PPT Slide
Lager Image
Average input times for four types of keypad layouts and three types of tactile feedback patterns.
In relation to the type of tactile feedback pattern, the mean input time showed some differences. The T + R tactile pattern led to a rapid input time compared to without a feedback pattern, especially in a complex layout such as a 5 × 5 or 6 × 6 keypad layout, but the increase was not statistically significant. There was no two-way interaction between the feedback pattern type and keypad layout type ( p = 0.951). From the above result, we found that tactile feedback patterns do not have a positive effect on typing speed, assuming that the input tasks are conducted with no typing errors.
The effect on the error count was also evaluated during the typing tasks. The error count, which included any type of error that occurred, was measured during all fifteen trials. As the complexity of the keypad layout continued to increase, the mean error count increased with a significant difference (repeated measure ANOVA, p = 0.026, α = 0.05). The different tactile feedback patterns also showed different error counts with statistical meaning (repeated measure ANOVA, p = 0.010, α = 0.05), as indicated in Fig. 11 .
PPT Slide
Lager Image
Error counts for four types of keypad layouts and three types of tactile feedback patterns.
The lowest error count was found when pattern 2 (T + R) was used. Moreover, the tactile feedback showed fewer errors than the case without tactile feedback (based on a Turkey HSD test and Scheffe’s post-hoc test, p < 0.038). There was no two-way interaction between the feedback pattern type and keypad layout type ( p = 0.757). These results showed that tactile feedback patterns had a significant positive effect on the number of typing errors compared to the number of errors when no feedback was provided. In addition, the T + R pattern led to the lowest error count among the three patterns. Therefore, if the input time is measured to include the error correction time, then tactile feedback pattern 2 can be expected to stand out with regard to both the input speed and error count.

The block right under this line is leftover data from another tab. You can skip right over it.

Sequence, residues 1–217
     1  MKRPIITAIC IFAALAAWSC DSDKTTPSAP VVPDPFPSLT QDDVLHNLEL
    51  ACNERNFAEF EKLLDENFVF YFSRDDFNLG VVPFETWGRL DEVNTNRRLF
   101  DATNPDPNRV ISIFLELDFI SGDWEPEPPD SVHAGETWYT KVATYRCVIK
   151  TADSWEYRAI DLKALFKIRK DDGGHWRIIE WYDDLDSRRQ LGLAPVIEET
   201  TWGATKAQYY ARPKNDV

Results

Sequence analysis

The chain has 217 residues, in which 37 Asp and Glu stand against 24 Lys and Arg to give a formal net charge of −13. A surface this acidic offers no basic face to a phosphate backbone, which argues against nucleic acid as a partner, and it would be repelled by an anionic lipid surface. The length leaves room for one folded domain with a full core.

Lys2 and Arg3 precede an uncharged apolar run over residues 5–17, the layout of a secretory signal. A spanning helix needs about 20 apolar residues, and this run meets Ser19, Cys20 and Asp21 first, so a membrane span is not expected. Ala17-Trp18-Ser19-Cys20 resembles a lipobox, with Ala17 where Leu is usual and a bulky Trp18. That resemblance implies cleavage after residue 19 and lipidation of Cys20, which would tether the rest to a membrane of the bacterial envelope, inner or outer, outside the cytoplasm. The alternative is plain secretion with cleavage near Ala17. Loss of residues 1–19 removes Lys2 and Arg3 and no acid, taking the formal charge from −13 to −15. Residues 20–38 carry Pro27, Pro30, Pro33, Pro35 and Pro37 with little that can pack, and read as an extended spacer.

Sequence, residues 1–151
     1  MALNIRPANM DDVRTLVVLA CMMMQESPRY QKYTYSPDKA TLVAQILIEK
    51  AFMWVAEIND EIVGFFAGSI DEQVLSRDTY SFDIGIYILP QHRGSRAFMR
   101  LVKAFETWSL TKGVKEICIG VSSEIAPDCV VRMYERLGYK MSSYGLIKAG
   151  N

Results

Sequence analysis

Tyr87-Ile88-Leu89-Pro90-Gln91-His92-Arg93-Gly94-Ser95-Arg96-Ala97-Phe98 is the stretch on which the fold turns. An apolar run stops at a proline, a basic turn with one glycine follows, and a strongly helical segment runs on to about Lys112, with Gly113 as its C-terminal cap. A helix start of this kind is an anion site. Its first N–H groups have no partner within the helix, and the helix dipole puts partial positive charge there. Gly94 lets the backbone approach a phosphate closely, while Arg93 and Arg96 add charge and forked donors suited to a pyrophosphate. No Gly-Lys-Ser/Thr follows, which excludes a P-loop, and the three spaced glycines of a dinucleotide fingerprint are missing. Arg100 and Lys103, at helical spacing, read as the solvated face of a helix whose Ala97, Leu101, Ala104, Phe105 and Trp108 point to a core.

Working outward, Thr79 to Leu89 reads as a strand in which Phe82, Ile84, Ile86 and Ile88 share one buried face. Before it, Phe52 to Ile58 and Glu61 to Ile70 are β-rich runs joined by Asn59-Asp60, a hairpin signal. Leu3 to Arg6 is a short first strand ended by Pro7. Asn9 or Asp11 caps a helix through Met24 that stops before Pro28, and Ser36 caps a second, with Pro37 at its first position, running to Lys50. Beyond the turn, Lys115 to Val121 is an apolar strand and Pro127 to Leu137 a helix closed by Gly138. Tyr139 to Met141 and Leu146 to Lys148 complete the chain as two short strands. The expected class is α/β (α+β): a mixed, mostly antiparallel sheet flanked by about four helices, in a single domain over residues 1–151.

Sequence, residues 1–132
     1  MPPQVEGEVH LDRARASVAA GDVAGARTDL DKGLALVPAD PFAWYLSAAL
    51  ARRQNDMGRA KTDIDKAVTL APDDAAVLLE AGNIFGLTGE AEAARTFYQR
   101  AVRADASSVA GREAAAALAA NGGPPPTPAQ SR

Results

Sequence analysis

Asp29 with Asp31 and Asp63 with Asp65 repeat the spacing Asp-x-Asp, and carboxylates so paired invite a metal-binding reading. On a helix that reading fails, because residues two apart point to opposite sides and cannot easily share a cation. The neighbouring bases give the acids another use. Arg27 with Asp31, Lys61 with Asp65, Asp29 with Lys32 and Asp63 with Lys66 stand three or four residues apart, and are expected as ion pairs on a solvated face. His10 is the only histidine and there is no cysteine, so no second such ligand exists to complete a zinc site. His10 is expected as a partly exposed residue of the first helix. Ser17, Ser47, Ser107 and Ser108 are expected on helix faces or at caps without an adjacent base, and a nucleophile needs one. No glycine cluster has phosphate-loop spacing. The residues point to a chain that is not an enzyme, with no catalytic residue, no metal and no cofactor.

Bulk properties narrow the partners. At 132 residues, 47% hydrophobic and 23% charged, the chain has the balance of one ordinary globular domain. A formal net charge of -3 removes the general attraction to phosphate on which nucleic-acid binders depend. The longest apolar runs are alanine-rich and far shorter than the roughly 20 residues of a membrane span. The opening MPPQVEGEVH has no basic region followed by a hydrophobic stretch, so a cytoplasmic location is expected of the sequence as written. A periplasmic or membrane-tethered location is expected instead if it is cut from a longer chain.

Figure 12 shows the average typing task completion times, which includes the error correction time. As the experimental results show, the different tactile feedback patterns have different typing completion times with statistical significance (repeated measure ANOVA, p = 0.013, α = 0.05). In addition, tactile feedback pattern 2 showed a faster time than the case without tactile feedback (based on a Turkey HSD test and Scheffe’s post-hoc test, p < 0.021). This means that tactile feedback pattern 2 is more effective in terms of input speed for general typing tasks including the error correcting time compared to the input speed performance without tactile feedback. This input task performance of the tactile pattern shows the remarkable effectiveness of a complex keypad layout such as the 5 × 5 and 6 × 6 button layouts. It should also be noted that the T + R tactile pattern was ranked highest, and in previous tests, all users selected it as an appropriate tactile pattern with touch feedback for typing tasks on mobile touch devices. The results from user interviews and surveys are summarized in Fig. 13 .
PPT Slide
Lager Image
Average typing task completion time for four keypad layouts and three tactile feedback patterns.
PPT Slide
Lager Image
Average rank of suitability pattern, preference pattern, and predicted input performance depending on the tactile feedback pattern.